Tuesday, May 13, 2008


Publisher Review: The Blue Helmet

by William Bell. Reviewed for Random House. See here for more info on the title.

(a word about publisher reviews on kittenpie reads)

Lee is going down a bad path, largely raising himself in the absence of his late mother and hard-working single father, letting hatred and anger grow into a hard knot inside him, until he decides to join a local gang. The last stage of his initiation, though, goes terribly awry, and he ends up in the hands of a police officer who knows his father. A deal is worked out, and though Lee is none too thrilled, it is explained to him that he has run out of options.

In short, the deal is to get him into surroundings where he won't be tempted by the gang, will be put to some productive work, and will have more supervision. He will go to live with his aunt Reena and help her run her small cafe in New Toronto, a corner of Etobicoke, Ontario.

Reena takes a pretty hands-off approach, but gives him enough to do to keep him occupied, and lets him see her empathetic way with her customers, a mix of homeless morning visitors, college kids, and neighbourhood eccentrics. Eventually, she gets him a bike and sets up a delivery service that puts him in contact with some real characters, and he finds himself making friends, opening up a bit, and seeing people in a new way. He slips up now and then, but on the whole, he is making some progress, and even starts talking to his aunt about what is happening in his life a bit.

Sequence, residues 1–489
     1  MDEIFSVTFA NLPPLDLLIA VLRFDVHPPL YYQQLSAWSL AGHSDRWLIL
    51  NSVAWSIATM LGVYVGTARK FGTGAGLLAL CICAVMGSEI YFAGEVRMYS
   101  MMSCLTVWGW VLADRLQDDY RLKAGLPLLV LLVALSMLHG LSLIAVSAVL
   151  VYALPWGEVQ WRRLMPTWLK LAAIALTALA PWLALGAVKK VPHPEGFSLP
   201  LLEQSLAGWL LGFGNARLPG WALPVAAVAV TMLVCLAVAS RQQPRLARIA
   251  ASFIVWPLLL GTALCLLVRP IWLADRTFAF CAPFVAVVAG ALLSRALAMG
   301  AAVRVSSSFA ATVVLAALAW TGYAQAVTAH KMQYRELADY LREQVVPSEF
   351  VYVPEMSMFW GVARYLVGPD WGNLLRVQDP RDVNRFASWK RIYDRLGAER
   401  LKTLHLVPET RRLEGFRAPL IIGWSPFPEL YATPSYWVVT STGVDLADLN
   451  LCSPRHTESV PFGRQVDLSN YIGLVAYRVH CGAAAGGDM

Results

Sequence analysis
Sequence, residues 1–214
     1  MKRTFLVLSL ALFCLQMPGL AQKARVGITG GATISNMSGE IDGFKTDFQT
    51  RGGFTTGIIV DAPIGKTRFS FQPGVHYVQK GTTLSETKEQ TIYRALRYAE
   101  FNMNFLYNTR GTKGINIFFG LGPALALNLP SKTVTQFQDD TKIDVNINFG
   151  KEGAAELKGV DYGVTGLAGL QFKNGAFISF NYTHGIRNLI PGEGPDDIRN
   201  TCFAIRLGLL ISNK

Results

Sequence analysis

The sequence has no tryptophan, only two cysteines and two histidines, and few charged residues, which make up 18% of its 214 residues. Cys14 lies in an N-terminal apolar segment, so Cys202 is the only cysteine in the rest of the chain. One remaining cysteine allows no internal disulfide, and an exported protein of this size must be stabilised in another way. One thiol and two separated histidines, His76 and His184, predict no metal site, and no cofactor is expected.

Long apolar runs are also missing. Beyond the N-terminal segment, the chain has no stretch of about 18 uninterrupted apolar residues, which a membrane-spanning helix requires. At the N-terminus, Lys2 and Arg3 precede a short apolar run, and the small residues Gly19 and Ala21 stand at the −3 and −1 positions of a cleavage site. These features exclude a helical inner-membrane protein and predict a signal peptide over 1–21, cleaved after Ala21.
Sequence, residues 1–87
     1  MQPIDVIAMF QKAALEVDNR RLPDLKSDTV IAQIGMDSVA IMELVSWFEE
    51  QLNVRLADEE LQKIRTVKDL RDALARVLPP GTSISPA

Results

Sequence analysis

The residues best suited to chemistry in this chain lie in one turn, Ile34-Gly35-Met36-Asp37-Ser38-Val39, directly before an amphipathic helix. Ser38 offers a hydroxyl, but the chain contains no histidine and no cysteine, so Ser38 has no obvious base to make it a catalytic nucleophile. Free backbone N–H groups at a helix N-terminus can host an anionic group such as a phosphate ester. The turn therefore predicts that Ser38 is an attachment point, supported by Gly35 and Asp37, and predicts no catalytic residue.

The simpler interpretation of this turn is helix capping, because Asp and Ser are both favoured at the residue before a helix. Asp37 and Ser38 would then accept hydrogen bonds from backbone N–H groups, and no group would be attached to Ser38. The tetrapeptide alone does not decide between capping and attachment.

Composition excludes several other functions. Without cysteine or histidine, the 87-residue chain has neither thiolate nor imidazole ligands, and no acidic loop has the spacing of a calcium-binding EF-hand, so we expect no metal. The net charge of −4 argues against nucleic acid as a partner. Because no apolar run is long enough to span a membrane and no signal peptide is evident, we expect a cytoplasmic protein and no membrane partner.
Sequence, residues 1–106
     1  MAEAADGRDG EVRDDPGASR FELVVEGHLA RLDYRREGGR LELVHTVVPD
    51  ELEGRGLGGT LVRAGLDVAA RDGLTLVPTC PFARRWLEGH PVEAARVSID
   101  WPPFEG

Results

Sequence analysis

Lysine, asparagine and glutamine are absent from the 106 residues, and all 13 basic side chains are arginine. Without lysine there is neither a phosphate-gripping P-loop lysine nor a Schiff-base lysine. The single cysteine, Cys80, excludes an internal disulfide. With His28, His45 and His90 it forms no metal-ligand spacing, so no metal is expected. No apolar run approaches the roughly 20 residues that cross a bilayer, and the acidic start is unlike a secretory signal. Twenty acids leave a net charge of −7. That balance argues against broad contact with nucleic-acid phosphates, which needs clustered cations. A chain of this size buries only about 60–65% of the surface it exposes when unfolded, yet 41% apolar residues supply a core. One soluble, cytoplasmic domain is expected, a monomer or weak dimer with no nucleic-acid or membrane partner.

But the real leap occurs when tragedy and an unexpected gift come together. He puts off the discoveries that will follow for a bit, but eventually finds his way to a realization about how destructive the dark, violent corner of his soul really could be. In the end, he mends fences on all sides, finding a new way to repair the hurt and the anger that had been pushing him down the wrong path.

The book is nicely written, pulling you along through vignettes and small epiphanies one after another at a pace that moves quickly, yet doesn't feel too hurried. I did feel at times that it was all happening a little more easily, with less struggling on Lee's part, than I might have expected, perhaps even too easily, but on examining it, I got the gut feel that Lee was at heart a good kid who had fallen into bad circumstances, and that he had been caught early enough not to give over to the growing internal anger entirely.

On the whole, I think this book has plenty of appeal, and moves quickly enough to keep even less avid readers. I think it speaks to boys well, something of increasing concern as we notice how many boys stop reading, while not excluding a female audience. This is a nice balance, and could make it good for a book discussion title or a class read.

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